I’ve been shopping for a desktop computer as a birthday gift for myself. This article is what pushed me to finally give up on having a laptop as a main machine: Laptops vs. desktops: 5 reasons why I still prefer a desktop.

I normally just link to articles, but this reddit post got me: Feels like I’m living basically the same day over and over again

The iconic watches that inspired Apple Watch faces. Neat.

For valentine’s, I bought my wife a paid of Bose’s Sleepbuds. Cody DeBos wrote one of the reviews that make it seem like the right decision: Bose’s Sleepbuds II are vastly improved and perfect for sleep

February 27, 2021 Logbook links

My Favourite Quotes from Several Short Sentences About Writing

Page 45:

A cliché is dead matter.

It causes gangrene in the prose around it, and sooner or later it eats your brain.

Page 57:

Many people assume there’s an inherent conflict between creativity and a critical, analytic awareness of the medium you work in.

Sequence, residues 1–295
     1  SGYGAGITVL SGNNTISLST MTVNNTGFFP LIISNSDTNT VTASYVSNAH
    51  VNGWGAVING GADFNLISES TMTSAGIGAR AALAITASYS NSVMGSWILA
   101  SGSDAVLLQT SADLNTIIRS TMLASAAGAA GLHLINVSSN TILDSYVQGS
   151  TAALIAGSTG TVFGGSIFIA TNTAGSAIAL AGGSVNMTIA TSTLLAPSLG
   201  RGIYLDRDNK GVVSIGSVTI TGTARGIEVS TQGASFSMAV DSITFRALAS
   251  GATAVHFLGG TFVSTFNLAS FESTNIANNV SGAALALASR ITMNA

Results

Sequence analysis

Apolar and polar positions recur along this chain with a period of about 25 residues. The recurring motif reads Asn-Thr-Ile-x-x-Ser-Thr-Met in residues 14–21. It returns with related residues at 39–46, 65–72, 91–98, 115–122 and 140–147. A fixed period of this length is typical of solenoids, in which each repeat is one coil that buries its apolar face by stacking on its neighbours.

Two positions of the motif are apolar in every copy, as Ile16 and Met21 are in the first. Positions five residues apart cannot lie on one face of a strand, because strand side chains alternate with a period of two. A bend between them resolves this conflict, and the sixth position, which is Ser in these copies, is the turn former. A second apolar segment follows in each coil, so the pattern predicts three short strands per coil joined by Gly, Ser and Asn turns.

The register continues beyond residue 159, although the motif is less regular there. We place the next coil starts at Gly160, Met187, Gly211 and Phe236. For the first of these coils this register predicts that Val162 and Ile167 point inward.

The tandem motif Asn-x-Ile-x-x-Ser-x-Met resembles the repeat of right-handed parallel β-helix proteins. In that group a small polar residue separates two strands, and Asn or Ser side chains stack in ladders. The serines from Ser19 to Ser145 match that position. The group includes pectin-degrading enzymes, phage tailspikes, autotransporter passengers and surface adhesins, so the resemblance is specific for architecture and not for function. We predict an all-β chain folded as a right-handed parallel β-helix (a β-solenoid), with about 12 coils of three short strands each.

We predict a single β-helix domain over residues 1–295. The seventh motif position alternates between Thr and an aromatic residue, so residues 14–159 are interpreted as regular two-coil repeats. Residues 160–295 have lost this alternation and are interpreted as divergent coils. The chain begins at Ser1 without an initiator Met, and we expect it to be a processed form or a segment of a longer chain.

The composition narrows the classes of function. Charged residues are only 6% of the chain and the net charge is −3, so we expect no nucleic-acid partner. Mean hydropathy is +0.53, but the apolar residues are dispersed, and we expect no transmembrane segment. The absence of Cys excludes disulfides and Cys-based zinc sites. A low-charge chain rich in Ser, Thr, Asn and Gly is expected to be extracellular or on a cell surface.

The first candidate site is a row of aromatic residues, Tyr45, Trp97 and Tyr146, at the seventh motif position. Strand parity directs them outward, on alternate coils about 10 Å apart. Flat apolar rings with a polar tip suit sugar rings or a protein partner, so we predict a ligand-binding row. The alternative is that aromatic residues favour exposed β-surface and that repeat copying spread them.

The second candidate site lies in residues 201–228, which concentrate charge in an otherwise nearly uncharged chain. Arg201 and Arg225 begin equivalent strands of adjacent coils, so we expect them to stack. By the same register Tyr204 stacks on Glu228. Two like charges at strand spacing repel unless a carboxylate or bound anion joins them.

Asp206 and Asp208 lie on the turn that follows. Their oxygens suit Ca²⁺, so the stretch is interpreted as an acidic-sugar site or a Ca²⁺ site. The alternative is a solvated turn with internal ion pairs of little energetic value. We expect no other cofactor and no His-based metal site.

They assume that the creative artist works unconsciously and that knowing too much about matters like grammar and syntax diminishes or blunts creativity.

This is nonsense. You don’t need to be an expert in grammar and style to write well.

Page 68:

The difficulty of writing isn’t a sign of failure.

It’s simply the nature of the work itself.

For the writer, flow” is a trap.

So is any word that suggests that writing is a spontaneous emission.

Writing doesn’t flow, unless you’re plagiarizing or collecting clichés or enlisting volunteer sentences.

Page 80:

One of the few sad parts about writing is that it’s almost impossible to surrender to the manipulation of your own prose.

Page 89:

A belief that the writer’s real work is making newness out of nothing.

As if creativity only takes place where the ink stops and the blank page begins.

Where the cursor starts blinking.

As if newness couldn’t originate between sentences or within a sentence.

As if revision were essentially secondary and uncreative.

Page 100:

Resist the temptation to start organizing and structuring your thoughts too soon,

Boxing them in, forcing them into genre-based containers.

Postpone the search for order, for the single line through the piece.

Let your thoughts overlap and collide and see what they dislodge.

Page 100:

How do you begin to write?

Look for a sentence that interests you.

A sentence that might begin the piece.

Don’t look too hard.

Page 103:

The piece is now two sentences long.

Not two sentences plus the missing pages that haunt you.

Page 117:

Writing doesn’t prove anything,

And it only rarely persuades.

It does something much better.

It attests.

It witnesses.